The court is going to require that you fill out a document called a financial affidavit, which includes your budget, it's good to look at both your past budget and a future budget, recognizing of course that after divorce, maintaining two households is more expensive than maintaining one. So it's highly unlikely that either party is going to completely retain their marital, scattered of living, at least in the first few years after divorce in some high net worth divorce cases.

I work with my clients to create a lifestyle analysis. A lifestyle analysis is kind of like a budget on steroids and may not be necessary unless financially complex divorces. A lifestyle analysis establishes what your standard of living-wise during the marriage, it shows you what funds came into the marriage in terms of income and what funds left the marriage in terms of expenses.

And we use this information as a guide to help you develop an accurate picture of how much money you need to maintain your standard of living after divorce. The lifestyle analysis is often used in divorce cases to justify a greater amount of spousal. A lifestyle analysis may also catch any red flags that may appear with respect to disguised, wasted, or diverted funds.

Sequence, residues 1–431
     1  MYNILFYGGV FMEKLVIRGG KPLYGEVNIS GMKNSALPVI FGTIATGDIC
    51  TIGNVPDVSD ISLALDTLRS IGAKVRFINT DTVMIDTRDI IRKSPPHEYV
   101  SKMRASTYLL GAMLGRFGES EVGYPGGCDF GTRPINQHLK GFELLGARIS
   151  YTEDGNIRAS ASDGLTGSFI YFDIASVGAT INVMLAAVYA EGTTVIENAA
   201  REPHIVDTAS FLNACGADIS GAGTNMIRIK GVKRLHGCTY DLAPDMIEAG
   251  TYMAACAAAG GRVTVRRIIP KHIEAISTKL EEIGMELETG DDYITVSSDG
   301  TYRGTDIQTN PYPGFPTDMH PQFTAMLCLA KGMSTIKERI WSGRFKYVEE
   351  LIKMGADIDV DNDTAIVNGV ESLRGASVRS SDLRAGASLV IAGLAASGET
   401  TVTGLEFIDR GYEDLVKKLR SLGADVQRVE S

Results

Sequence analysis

Seventh thing to do now in divorce. Keep a level head. Don't risk your financial future based on the emotions you're feeling today. Don't seek revenge. Don't rack up thousands of dollars in legal. Fighting over a watercolor you bought in a garage sale or the Elvis dinner plates, it's just not worth it.